Is obesity a disease?
The American Medical Association officially recognized human obesity as such in 2013. In veterinary medicine, the answer is “no”—for now.
Ernie Ward, DVM, founder of the Association for Pet Obesity Prevention, is working with veterinary nutritionists, surgeons and other experts on a proposal that may be presented to the American Veterinary Medical Association as early as this summer. If the AVMA House of Delegates signs off on the idea that pet obesity is a disease, the impact could be similar to what is happening in human medicine: greater awareness and acceptance of the need to diagnose and treat obesity.
Dr. Ward was among more than 100 professionals from the human and veterinary medicine communities who met in Atlanta in November at the inaugural Obesity Conference. The two-day event, organized by the World Small Animal Veterinary Association’s One Health Committee, aimed to address ways to prevent obesity in people and pets.
Stephen Cook, M.D., MPH, a pediatrician and associate professor at the University of Rochester Medical Center in New York, told attendees that obesity is not a choice.
“Obesity is a complex disease that is poorly defined,” said Dr. Cook, whose talk focused on obesity’s link to human cardiovascular disease.
“There are biologic drivers, there are environmental factors, there are … neuroendocrine pathways in terms of how you respond to food,” he said. “There’s genetics and susceptibilities as well as specific single-gene mutations.”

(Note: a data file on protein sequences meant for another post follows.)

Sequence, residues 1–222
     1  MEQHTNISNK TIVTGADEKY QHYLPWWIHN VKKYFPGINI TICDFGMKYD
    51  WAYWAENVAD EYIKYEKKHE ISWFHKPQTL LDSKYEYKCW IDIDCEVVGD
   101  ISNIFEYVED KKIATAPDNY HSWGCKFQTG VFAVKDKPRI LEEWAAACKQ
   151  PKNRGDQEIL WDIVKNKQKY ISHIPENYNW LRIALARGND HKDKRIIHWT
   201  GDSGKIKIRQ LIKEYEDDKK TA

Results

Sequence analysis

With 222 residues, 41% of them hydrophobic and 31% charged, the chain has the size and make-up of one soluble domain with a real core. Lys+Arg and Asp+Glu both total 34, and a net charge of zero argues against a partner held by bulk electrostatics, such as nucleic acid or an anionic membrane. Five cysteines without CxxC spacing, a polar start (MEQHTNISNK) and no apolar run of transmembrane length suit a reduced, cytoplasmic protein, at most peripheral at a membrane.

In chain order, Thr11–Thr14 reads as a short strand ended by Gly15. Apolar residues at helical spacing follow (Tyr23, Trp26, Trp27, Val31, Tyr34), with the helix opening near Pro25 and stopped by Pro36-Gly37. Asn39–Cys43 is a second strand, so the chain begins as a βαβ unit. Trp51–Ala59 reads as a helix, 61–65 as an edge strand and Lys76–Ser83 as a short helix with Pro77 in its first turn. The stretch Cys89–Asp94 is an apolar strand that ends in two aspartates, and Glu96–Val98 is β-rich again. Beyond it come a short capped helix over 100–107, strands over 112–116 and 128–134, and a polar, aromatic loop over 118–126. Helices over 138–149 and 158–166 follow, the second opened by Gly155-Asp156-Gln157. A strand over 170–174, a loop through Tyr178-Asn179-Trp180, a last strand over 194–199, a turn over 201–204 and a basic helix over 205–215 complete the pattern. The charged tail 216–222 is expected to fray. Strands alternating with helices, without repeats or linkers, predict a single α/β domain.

Ward, whose surveys have found that more than half of U.S. cats and dogs are overweight or obese, at one time didn’t think of obesity as a disease.
“Slowly, over the past decade, as the research came in, you realized there was a genetic component to this, you realized that there are underlying changes to the microbiome, for example,” he said. “It really does fall under the definition of disease.”
What Is Obesity?
Ward and other members of his association have crafted a consensus definition of obesity, but the description is only part of the proposal. The second step, now underway, is to define obesity from a clinical point of view.
“Is it 20 percent above ideal weight?” he said. “Is it a BCS [body condition score] of 5, 6, 7, 9, depending on which scale you’re using?”
A standardized BCS scale is the third step. Some charts run from 1 (very thin) to 5 (obese), while others go from 1 to 9, with 5 being ideal. Ward’s group supports a nine-point scale.
The last thing to do is generate best practices for treating obese patients and counseling pet owners.
“Maybe we revise AAHA guidelines, maybe we have a different set of guidelines, but regardless we want to see obesity treated as a disease with better science,” Ward said.
Obesity is a One Health matter, he said.
“Since this is the most commonly diagnosed condition in veterinary medicine and human medicine, I feel strongly that we need to be aligned [with the AMA],” Ward said.
He hopes all pet health insurers one day will cover obesity.
“It will be very important as pet insurance matures,” he said. “One thing we don’t want to happen is owners not pursue some very simple treatments—either medications or therapeutic diets or services that veterinarians could offer. We would not want cost to be a barrier.”